Dvar Halacha
CHALAV AKUM: Changing Landscape
Part 4

Based on the Sunday morning Halacha Shiur 
given by Rabbi Y. Biberfeld, Rosh Kollel
Written by: Ovadia Gowar

Last week we learned about R' Moshe Feinstein's heter (leniency) regarding milk that was not supervised by a Jew at the time of the milking. R' Moshe said that the mirsas (fear) created by the threat of government inspections will deter anyone from mixing non-kosher milk with the kosher milk. Since we are certain that no non-kosher milk was mixed in, it is regarded as if a Jew watched the milking.
R' Moshe's teshuvah actually consists of three separate teshuvos that were written over the course of a few months. Why three? The reason is because the person who wrote to R' Moshe did further research each time and then came back with more questions. After the first teshuvah, the man returned and said that in reality, the fine imposed by the government for a violation is relatively small. R' Moshe wrote that it was still enough. If the reputation loss the company would experience as a result of a government inspection would hurt them, this is probably enough of a mirsas.
After the second teshuvah, the man brought R' Moshe another difficulty. It is fine and well that the government inspects the dairies. The problem is that the dairies, where the milk is processed and bottled, also obtain some of their milk from the farms around them. The government inspection does not take place at these farms, so this seemingly undermines the basis of R' Moshe's heter? R' Moshe replied that only a minority of the milk comes from these surrounding farms, and for a minority we do not have to be concerned. In addition, R' Moshe learned that the gezeirah (decree) was only put in place at the time when the milk is 'bo l'yad yisroel" (comes into a Jew's possession). When the milk is actually transferred from the non-Jew to the Jew, we need to "freeze the camera" and see what the status of the milk is at that time. Since at the dairy we have the government inspection, this is sufficient, since the next step is for the milk to be delivered to the stores where the Jews will buy it.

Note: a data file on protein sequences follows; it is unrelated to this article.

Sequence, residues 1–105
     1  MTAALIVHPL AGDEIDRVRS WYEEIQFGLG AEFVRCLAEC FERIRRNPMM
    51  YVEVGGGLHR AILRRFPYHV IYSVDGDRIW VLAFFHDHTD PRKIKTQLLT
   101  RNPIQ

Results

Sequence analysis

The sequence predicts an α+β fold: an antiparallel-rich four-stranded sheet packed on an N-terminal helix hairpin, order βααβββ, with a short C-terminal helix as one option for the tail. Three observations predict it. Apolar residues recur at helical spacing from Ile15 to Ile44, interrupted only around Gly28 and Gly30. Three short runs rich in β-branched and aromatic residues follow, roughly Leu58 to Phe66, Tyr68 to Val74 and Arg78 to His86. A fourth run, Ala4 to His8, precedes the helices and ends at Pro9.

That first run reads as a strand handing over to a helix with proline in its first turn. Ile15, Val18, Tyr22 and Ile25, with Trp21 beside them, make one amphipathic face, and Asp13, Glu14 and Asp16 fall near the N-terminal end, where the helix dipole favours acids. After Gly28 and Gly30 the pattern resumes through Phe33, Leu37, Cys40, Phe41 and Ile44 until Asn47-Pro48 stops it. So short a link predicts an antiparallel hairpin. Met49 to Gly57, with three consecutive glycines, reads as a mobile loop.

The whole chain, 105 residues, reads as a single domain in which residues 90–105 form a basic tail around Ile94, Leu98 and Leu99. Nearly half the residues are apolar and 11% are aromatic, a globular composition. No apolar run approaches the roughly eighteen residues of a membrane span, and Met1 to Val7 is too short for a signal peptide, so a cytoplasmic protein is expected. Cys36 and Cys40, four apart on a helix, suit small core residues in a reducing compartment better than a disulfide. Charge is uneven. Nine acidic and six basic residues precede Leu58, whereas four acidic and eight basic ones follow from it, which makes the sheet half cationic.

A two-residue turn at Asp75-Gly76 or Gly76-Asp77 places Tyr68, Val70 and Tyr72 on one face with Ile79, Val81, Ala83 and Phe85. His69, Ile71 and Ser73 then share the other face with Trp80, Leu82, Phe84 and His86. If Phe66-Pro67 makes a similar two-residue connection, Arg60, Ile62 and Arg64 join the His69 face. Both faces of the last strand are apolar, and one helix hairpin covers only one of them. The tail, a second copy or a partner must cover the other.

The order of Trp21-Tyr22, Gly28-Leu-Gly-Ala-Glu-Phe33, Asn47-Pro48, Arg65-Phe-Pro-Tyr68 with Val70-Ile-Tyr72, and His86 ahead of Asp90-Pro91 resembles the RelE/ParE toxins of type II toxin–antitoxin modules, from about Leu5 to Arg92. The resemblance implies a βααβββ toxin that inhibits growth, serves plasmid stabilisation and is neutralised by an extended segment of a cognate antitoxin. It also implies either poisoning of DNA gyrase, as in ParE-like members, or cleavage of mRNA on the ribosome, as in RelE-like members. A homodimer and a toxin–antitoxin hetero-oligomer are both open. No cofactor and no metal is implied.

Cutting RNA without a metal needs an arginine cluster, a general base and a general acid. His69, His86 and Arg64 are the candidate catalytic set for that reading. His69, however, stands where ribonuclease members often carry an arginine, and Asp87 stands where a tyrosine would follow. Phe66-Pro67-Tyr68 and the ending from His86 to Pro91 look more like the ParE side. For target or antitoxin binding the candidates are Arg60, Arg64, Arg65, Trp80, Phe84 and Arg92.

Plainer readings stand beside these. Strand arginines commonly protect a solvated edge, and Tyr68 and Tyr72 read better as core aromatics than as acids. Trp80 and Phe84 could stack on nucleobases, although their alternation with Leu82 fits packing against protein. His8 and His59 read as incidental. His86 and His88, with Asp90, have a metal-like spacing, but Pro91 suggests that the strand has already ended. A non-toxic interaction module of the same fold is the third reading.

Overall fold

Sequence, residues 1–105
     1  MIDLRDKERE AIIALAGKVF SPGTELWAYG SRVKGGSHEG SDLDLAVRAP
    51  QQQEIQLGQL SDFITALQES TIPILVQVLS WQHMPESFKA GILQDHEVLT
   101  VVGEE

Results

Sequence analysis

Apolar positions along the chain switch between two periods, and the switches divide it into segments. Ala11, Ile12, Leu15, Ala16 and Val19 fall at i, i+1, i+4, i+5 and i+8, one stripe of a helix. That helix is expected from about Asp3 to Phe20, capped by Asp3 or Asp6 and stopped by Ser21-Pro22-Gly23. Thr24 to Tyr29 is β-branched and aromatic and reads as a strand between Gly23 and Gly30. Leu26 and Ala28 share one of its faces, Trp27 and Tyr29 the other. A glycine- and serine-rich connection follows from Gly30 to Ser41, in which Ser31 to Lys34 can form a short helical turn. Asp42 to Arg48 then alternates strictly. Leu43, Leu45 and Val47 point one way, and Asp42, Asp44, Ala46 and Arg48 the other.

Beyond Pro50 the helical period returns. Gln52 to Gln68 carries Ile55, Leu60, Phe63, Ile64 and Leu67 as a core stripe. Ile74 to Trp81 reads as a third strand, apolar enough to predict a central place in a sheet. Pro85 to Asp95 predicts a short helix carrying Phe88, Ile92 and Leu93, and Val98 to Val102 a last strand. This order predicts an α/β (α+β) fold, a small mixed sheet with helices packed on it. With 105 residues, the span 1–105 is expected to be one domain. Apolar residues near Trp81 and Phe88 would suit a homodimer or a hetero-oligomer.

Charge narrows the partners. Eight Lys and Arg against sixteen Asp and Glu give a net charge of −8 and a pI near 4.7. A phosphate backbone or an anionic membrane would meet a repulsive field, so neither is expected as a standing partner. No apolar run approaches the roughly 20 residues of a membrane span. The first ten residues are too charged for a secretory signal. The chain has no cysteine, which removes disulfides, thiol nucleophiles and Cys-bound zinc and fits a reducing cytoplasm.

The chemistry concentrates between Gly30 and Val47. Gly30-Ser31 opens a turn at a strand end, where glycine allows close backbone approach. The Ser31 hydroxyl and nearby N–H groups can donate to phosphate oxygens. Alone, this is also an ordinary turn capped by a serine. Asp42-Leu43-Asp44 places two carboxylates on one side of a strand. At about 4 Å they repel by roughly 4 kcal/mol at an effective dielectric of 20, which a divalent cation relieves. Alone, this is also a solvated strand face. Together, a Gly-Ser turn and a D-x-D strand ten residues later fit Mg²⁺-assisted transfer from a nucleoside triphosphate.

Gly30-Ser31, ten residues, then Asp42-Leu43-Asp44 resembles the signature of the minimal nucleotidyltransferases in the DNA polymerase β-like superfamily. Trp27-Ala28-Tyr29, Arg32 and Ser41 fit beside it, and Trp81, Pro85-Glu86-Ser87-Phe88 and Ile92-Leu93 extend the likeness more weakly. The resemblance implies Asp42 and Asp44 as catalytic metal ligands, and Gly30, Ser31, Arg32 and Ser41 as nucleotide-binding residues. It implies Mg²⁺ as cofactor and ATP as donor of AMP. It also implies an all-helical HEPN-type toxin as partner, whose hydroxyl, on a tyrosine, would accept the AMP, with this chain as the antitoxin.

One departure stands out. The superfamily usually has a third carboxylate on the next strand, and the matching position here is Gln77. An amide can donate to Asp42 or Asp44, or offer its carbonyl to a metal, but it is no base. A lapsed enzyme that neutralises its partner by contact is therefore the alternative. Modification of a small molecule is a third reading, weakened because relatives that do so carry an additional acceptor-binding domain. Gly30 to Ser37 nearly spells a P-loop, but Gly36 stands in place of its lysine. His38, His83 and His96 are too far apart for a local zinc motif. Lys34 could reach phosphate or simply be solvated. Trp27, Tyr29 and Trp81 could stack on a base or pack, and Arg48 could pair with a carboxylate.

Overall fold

R' Moshe's teshuvos were written in the early 50's, more than 60 years ago. Do the assumptions on which his heter is based still apply today? The OU researched the issue about 10 years ago and made some interesting discoveries. Nowadays, the majority of the milk delivered to dairies comes from the surrounding farms, so we can no longer rely on the leniency of there being a minority. The federal government continues to inspect the dairies. However, these inspections are focussed on testing the milk for bacteria and antibiotics, not to verify that it is cow's milk. The would seemingly weaken the basis of the heter. On the other hand, the various state governments conduct inspections that take place 2 to 6 times a year on the farms where the actual milking takes place. The purpose of these inspections is indeed to check that the milk is cow's milk. The inspectors have the authority to take action against farms that do not comply with the law. The inspectors in contact with the OU also related that they have never had cases of livestock besides cows being present on the farms.
We see that the underlying assumptions that R' Moshe's heter is based on are not entirely what they were originally. However, some say that the situation is actually better today, because inspections are now on the farms themselves, where the actual milking is happening.
When R' Belsky was presented with the all the information above (and more) on the current status of dairy regulation in America, he said that people who up to now have been relying on the heter of R' Moshe, may continue doing so going forward.